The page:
Stereo View of the Eruption of Mount Etna

These Multi-angle Imaging SpectroRadiometer (MISR) images capture the July 22, 2001 explosion of the Mt. Etna volcano. Etna is located near the eastern coast of Sicily, to the southwest of mainland Italy. Major eruptions have been issuing from both summit and flank vents. Fine ash falling onto the Province of Catania closed the local airport, and a state of emergency was declared for the town of Nicolosi, which was threatened by lava flows from the southern flanks of the volcano. At the bottom of this image set are true-color views from MISRs 70-degree forward-viewing camera, the vertical-viewing (nadir) camera, and the 70-degree backward-viewing camera. Each covers an area of 143 kilometers x 88 kilometers. The upper image is a stereo anaglyph created from the instruments 70-degree and 46-degree forward views, and covers an area of 438 kilometers x 300 kilometers. To facilitate stereo viewing, the images are oriented with north at the left. Viewing the stereo image in 3-D requires red/blue glasses with the red filter placed over your left eye. For information on ordering 3-D glasses, read the vendor list. Two plumes of differing compositions are seen to be emanating from Etna. The bright, brownish plume drifting southeast over the Ionian Sea is composed primarily of tiny frozen fragments of lava, known as ash. A fainter, bluish-white plume is also visible, especially near the summit, and is most apparent in the 70-degree forward view. It contains very fine droplets of dilute sulfuric acid. In addition to the particulate plumes visible in these images, the volcano also expels gases such as water vapor, sulfur dioxide, and carbon dioxide. Although the Etna volcano is one of the worlds most studied volcanoes, it is difficult to classify, being a mixture of overlapping shield and strato volcanoes, partially destroyed by repeated caldera collapse, and partially buried by younger volcanic structures. Eruptions are related to a complex tectonic situation, including subducting plates, numerous major faults intersecting at the volcano, and perhaps also to hot-spot volcanism. For more information on Etna, refer to Michigan Technological Universitys Department of Geological Engineering and Sciences (http://www.geo.mtu.edu/~boris/ETNA.html) and to the Smithsonian Institutions Global Volcanism Program (http://www.volcano.si.edu/gvp/usgs/). Mt. Etna is Europes highest (3315 meters) and most active volcano. In ancient Greek mythology, Etna was identified with the forge of Volcan.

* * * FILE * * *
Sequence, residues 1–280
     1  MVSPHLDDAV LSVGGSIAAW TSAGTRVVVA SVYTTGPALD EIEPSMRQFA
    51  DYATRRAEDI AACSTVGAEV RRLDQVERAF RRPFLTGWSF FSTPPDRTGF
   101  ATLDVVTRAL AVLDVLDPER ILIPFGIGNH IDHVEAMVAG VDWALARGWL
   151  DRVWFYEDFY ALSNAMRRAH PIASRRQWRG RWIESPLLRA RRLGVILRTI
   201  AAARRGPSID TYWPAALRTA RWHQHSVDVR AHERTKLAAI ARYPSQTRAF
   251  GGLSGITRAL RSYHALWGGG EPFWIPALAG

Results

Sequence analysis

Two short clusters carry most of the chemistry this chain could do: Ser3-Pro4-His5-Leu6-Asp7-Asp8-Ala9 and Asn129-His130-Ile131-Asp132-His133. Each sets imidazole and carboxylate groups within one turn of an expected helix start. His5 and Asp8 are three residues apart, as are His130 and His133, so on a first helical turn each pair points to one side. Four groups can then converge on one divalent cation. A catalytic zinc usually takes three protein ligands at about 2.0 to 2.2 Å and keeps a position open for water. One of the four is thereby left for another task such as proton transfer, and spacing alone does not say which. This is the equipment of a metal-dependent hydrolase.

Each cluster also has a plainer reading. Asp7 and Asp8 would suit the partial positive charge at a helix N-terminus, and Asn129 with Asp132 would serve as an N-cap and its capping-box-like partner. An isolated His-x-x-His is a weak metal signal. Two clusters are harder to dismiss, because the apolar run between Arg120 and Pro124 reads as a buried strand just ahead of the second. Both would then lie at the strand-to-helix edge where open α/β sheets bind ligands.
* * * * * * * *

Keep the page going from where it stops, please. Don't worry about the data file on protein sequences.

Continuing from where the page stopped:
Source: Image courtesy NASA/GSFC/LaRC/JPL, MISR Team

Por Mapas Owje